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Old 02-09-2020, 01:32 AM   #4
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Thanks Ray for spelling it all out in such detail! And glad to hear that you are staying warm out there in the snow. I’m looking forward to getting all my insulation in place and heading up to Mammoth ASAP. Per your suggestion, I’ve got some POR 15 and neoprene tape on its way to put under my flooring. Still trying to to decide how to do the windows. I’m thinking Reflectix and some light and airy foam sewn into some nylon.

Otter, I too have a pass van and like your idea of combining Thinsulate and Havelock. I’d prefer to go all Havelock but it just depends on how I plan to hold it in place. Not sure if it can stay evenly flat like Thinsulate. Wouldn’t want to use it to cover large areas and have it settle downward after miles and miles of bouncing down the road.
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Old 02-09-2020, 02:05 PM   #5
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^^^ Ya, JM, that’s what I wondered. I should be starting my project as soon as it gets a bit, so we should keep each other informed.
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Old 02-09-2020, 07:14 PM   #6
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Ok sounds good Otter! Might order up a bag or two and see how the stuff feels.
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Old 02-09-2020, 10:23 PM   #7
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We ordered a bag of R13 and a bag of R7 since Havelock is about 10 miles away.
Have only used less than one roll since we're currently fixing a lot of SMB created design issues in order to install insulation in the walls/doors.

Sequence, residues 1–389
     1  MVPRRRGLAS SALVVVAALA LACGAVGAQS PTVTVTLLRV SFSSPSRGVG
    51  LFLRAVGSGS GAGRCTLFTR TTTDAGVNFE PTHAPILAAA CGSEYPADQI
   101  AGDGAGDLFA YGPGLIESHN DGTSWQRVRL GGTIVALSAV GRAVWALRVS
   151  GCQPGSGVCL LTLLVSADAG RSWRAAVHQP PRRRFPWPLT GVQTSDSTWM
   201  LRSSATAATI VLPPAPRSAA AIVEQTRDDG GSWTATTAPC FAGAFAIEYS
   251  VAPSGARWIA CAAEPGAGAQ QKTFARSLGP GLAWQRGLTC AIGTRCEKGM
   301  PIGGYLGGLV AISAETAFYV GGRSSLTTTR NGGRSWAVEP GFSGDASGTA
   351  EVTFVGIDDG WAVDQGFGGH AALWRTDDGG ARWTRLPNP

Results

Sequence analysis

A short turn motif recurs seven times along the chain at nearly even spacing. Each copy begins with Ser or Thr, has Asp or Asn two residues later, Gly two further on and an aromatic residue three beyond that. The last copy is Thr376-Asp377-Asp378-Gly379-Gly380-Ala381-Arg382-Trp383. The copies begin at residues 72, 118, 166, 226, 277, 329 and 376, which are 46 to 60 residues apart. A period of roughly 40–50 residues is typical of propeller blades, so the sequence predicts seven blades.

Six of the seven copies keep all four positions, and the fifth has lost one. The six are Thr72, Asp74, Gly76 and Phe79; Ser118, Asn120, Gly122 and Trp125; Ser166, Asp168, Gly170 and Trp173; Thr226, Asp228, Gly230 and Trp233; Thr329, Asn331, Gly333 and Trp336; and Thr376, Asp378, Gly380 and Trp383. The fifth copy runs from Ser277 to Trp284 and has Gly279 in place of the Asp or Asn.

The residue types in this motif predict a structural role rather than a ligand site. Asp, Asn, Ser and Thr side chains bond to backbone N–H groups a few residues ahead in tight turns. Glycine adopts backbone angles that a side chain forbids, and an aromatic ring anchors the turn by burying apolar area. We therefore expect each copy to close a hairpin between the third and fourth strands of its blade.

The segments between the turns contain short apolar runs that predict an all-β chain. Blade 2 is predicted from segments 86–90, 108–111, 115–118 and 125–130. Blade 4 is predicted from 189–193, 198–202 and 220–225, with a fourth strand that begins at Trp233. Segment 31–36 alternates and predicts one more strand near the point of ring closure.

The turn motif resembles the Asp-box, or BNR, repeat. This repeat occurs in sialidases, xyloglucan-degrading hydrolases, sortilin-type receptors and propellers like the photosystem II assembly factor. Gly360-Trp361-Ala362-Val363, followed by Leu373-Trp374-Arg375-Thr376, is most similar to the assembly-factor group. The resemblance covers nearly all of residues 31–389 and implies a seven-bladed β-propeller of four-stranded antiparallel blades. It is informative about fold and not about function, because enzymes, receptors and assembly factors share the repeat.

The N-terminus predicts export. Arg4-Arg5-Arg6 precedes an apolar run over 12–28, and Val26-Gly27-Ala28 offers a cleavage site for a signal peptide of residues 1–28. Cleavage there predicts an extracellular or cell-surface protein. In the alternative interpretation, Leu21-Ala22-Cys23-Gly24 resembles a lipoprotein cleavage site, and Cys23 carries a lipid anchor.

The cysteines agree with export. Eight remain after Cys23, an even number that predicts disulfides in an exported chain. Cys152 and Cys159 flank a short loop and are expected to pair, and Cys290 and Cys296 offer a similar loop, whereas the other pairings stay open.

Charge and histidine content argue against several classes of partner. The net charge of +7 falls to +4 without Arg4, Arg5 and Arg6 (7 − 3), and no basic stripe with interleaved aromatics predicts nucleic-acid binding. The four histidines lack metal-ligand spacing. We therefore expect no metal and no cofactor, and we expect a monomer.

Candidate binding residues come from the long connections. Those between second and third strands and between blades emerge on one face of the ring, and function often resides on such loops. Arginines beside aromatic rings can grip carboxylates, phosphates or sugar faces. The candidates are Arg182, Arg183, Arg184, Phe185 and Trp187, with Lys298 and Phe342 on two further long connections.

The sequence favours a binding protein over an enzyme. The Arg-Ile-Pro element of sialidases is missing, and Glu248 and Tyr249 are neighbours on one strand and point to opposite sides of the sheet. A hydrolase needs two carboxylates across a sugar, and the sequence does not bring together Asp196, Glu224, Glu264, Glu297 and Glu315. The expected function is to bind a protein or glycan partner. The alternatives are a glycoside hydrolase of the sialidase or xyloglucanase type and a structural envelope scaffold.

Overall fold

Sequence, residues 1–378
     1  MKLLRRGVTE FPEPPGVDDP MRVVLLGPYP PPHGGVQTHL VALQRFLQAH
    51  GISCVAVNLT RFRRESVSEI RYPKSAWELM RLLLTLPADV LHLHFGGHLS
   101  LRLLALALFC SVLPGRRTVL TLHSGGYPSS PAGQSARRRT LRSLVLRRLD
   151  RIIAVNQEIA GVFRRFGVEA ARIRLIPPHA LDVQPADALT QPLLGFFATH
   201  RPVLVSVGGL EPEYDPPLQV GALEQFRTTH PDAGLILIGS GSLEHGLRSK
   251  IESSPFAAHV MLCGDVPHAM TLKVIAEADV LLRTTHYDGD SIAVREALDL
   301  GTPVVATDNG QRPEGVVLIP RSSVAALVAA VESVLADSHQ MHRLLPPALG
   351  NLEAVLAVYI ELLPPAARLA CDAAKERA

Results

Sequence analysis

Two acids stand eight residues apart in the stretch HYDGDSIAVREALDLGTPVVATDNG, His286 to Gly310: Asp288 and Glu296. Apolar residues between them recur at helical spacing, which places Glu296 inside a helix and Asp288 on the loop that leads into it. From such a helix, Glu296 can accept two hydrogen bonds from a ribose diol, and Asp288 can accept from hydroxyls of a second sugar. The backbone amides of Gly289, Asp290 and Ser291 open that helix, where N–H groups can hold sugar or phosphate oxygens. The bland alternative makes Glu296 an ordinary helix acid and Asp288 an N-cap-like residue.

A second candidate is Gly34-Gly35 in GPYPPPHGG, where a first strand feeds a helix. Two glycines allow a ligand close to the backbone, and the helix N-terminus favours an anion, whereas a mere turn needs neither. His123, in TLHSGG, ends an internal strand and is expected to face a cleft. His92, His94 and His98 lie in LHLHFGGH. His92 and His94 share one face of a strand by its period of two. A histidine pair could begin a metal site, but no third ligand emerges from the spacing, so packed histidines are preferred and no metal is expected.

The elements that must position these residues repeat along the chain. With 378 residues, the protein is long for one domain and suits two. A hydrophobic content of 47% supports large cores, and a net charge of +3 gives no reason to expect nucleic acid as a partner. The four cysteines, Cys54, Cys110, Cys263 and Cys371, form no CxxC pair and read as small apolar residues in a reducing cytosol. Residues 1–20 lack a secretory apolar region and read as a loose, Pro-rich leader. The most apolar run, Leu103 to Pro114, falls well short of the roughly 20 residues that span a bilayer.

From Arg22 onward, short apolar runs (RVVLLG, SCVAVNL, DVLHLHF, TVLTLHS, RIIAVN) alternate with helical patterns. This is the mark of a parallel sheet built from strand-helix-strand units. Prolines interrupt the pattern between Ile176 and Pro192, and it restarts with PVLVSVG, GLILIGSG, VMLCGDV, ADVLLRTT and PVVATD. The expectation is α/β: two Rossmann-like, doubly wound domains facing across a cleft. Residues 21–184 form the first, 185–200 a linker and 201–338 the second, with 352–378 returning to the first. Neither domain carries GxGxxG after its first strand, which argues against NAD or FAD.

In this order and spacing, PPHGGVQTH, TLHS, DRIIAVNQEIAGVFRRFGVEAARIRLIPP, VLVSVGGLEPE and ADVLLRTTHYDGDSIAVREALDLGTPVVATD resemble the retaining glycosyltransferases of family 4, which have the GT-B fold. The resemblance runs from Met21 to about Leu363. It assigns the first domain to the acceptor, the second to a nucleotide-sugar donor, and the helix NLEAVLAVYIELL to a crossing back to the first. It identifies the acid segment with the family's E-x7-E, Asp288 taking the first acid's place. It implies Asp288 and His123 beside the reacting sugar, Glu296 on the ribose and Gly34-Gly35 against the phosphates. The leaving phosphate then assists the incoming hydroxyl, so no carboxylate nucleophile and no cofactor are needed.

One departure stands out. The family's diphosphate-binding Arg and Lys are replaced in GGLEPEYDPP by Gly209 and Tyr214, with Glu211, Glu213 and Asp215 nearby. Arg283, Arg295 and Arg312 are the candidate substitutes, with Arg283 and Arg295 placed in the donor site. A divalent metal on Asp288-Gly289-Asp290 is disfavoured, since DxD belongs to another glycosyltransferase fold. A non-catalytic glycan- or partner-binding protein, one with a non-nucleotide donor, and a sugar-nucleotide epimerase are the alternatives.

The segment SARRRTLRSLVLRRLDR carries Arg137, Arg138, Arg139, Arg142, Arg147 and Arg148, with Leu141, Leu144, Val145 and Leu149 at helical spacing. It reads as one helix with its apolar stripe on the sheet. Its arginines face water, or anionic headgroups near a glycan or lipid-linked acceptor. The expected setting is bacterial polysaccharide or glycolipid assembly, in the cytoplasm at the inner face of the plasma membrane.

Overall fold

It does have a farm smell that supposedly dissipates after some fresh air.
It is easy to cut with quality scissors.
No itchiness/scratchiness.
Havelocks website is rather informative as are several youtube videos.
https://havelockwool.com/
https://www.youtube.com/results?sear...=havelock+wool
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Old 02-11-2020, 09:10 AM   #8
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Ordered 2 bags of R7. Let’s give it a try!

If anyone else wants to order here is a referral link that gives me a little discount or something:

http://havelockwool.refr.cc/joemullins
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Old 02-16-2020, 04:58 PM   #9
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Instead I used Free polyfil and polyfill batting taken from the inside of discarded sofas and sofa chairs and jumbo ottomans are all full of the stuff. Found my apartment complex dumpsters or thrift store dumpsters.
It’s generally made from recycled 2 liter bottles and absorbs no moisture and is Free and reusing to help our planet.
Very happy with it.
Take care
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Old 02-17-2020, 12:25 PM   #10
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No evidence of Havelock drop...

Quote:
Originally Posted by thejm View Post
Thanks Ray for spelling it all out in such detail! And glad to hear that you are staying warm out there in the snow. Iím looking forward to getting all my insulation in place and heading up to Mammoth ASAP. Per your suggestion, Iíve got some POR 15 and neoprene tape on its way to put under my flooring. Still trying to to decide how to do the windows. Iím thinking Reflectix and some light and airy foam sewn into some nylon.

Otter, I too have a pass van and like your idea of combining Thinsulate and Havelock. Iíd prefer to go all Havelock but it just depends on how I plan to hold it in place. Not sure if it can stay evenly flat like Thinsulate. Wouldnít want to use it to cover large areas and have it settle downward after miles and miles of bouncing down the road.
Iím using Havelock in all areas of my van as I do not want to add a bunch more chemicals to an already potentially loaded area. I will have my K9ís who use their noses for work and myself, and my lungs are sensitive to start with. I have read many many articles and even on where the walls were opened after a number of years and there was no sag! Good news for me along with the other positive benefits of this product. Best of luck and happy travels!